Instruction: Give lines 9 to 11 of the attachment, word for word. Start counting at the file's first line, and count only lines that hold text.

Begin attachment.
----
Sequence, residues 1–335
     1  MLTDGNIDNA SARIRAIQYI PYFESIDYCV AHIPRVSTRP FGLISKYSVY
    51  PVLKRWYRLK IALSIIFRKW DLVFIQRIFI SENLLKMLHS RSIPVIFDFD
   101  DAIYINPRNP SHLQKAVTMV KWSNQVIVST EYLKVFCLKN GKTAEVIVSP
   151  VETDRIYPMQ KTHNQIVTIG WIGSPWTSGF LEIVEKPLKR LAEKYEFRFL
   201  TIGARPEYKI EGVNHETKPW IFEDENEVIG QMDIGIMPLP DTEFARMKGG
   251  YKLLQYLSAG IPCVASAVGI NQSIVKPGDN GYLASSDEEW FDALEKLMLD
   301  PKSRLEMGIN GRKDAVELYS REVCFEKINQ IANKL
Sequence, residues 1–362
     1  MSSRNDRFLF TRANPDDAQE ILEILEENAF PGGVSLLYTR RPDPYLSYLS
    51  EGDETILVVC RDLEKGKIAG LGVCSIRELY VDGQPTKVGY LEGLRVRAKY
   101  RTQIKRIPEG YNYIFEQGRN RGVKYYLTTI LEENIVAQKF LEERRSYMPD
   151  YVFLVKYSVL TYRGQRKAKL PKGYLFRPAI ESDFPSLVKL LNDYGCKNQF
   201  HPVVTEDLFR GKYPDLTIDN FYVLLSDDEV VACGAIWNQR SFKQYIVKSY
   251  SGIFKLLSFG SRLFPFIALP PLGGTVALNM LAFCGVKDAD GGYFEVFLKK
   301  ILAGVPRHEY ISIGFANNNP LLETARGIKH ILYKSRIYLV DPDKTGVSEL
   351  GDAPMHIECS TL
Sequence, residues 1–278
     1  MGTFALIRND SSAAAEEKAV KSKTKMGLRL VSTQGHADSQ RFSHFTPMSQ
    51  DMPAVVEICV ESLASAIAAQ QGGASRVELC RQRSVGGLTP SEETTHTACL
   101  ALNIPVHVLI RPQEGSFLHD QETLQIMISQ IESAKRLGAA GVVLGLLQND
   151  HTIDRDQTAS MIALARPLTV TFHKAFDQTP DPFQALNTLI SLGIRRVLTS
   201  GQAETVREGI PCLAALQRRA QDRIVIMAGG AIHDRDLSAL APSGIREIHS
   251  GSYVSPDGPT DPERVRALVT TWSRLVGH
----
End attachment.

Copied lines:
Sequence, residues 1–362
     1  MSSRNDRFLF TRANPDDAQE ILEILEENAF PGGVSLLYTR RPDPYLSYLS
    51  EGDETILVVC RDLEKGKIAG LGVCSIRELY VDGQPTKVGY LEGLRVRAKY